Fibres for medical uses: a growing niche
Supposing one looked at the bionic principles in a bifurcating major artery, took a flat-bed knitting machine and tried to create a Y-shaped structure using a process that takes its cue from nature’s own workings.…. This was the task, which began as an academic thesis almost 45 years ago, in Denkendorf near Stuttgart, that launched research into medical textiles in Germany.
Two generations of research and industrial activity later, medical textiles, in the form of implants, fibre-based cartilage or hollow fibres for the targeted delivery of medicines – to mention but a few applications – are some of the innovations in technical textiles that are well on their way into clinical practice. With the increase in solutions to come from research in this area, the number of companies involved is also growing, right across the world, and this, in turn, finds expression in the fields of application covered by Medtech.
According to the trade fair’s management team, 2017 is set to be a bumper year for exhibitor numbers in this segment – a segment that will have a crucial role to play in determining future developments. Well on their way up, in this niche market, are compression textiles, intelligent wound-monitoring systems, sensoric textiles and antibacterial fabrics that protect against widespread hospital germs. Medical textiles, used in T-shirts to monitor patients’ vital parameters, also doubtless represent an international sales and growth market, if not in terms of volume turnover, then, in high-tech configurations, rather more so in niche sectors. In Saxony, to take one example, the textile industry is increasingly investing in textiles for medical and healthcare purposes, in the form of socks with an anti-tick function, vests with electric stimulation for backache or antibacterial hospital linen.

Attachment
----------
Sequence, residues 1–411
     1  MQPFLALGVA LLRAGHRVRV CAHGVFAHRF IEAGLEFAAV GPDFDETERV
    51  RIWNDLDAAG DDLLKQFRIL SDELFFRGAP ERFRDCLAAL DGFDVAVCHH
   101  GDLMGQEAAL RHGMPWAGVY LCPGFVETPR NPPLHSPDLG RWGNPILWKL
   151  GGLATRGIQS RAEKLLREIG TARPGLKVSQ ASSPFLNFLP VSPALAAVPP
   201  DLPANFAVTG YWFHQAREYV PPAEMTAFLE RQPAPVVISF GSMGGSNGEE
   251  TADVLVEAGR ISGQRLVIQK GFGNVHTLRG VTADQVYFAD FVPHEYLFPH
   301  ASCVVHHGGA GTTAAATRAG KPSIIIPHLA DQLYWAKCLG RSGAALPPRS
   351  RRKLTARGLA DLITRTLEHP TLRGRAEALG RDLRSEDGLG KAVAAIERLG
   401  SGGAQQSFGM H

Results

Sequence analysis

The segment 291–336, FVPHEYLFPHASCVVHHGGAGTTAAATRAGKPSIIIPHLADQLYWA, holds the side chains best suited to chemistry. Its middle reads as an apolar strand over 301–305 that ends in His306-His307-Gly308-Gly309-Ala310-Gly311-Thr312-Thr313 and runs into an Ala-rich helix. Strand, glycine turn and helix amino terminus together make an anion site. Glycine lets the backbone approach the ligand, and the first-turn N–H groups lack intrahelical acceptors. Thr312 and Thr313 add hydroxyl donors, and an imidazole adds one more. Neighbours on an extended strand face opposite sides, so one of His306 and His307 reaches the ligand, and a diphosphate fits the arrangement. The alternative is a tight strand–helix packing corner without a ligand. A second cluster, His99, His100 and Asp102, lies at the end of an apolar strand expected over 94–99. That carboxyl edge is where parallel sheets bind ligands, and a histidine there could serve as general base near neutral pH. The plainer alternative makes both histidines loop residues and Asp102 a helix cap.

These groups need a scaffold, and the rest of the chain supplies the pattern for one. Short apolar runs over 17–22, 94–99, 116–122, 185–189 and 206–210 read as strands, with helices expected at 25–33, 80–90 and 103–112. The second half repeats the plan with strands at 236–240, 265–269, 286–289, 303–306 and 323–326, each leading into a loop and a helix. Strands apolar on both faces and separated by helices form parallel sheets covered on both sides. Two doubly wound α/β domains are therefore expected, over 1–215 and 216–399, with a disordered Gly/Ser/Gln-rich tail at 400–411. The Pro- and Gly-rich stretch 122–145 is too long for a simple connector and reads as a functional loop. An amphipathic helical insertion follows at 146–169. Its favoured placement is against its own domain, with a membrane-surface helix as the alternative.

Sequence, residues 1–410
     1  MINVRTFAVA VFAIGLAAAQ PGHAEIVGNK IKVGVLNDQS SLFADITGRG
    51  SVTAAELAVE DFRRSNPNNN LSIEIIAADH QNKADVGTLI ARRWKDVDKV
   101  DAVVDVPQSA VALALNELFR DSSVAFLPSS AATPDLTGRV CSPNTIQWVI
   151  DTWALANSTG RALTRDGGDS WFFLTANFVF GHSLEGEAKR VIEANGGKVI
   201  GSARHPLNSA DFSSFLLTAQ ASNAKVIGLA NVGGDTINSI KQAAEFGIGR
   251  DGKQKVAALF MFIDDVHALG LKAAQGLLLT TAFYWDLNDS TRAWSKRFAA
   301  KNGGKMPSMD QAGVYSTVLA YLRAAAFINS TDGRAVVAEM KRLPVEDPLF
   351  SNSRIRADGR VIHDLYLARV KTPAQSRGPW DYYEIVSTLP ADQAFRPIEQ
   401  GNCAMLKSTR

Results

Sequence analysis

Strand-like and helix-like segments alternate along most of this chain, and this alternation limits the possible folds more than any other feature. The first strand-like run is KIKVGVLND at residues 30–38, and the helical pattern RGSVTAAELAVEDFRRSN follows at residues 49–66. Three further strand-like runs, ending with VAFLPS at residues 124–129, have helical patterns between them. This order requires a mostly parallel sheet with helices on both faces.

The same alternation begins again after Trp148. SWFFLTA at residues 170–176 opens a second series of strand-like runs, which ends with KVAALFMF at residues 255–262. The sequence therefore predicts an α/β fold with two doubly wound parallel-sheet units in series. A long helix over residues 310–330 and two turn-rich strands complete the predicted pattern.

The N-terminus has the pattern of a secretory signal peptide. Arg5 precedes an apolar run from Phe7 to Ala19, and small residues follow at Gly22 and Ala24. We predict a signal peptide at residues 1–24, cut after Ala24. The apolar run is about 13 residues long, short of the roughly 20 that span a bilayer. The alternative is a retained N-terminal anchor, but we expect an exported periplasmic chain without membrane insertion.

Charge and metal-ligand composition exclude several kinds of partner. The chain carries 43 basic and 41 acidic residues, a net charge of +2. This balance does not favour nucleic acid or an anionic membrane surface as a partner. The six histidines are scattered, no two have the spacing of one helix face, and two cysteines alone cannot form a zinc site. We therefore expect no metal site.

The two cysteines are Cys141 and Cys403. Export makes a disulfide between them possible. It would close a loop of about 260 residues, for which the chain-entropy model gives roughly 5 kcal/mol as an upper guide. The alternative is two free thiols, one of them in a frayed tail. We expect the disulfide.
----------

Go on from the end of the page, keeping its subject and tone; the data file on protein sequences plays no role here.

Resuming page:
Because, for instance, textile implants need to be clinically tested, authorised and certificated at considerable cost, the process of shifting from the original idea to a product that is usable on the mass market tends to move at a snail’s pace. Nevertheless, the field of textiles used in healthcare continues to grow steadily, as Director of R&D at Lohmann & Rauscher GmbH & CO. KG, Dr. Christian Rohrer, emphasised with a look at the figures, at a specialists’ meeting of ‘bayern-innovativ’. “Even though the framework conditions for innovative medical products are not improving, there continues to be a stable and attractive growth market.” Worldwide, says this expert, the forecast is for an annual growth of four percent, up to three percent in Europe and up to 13 percent in China.
Rohner says that, in his field, there are opportunities for future wound treatments, including approaches involving new kinds of biologically active materials, as well as new solutions for fabrics with antimicrobial properties. There is also a trend for integrating sensoric parameters and biological markers. The development work, currently being undertaken by textile researchers in Dresden and Greiz, fits in with this completely: with miniaturised, textile-based sensors, they are seeking to discover new ways of continuously monitoring chronic wounds. Their approach, it is hoped, will make it possible to record complex physiologically and chemically relevant factors.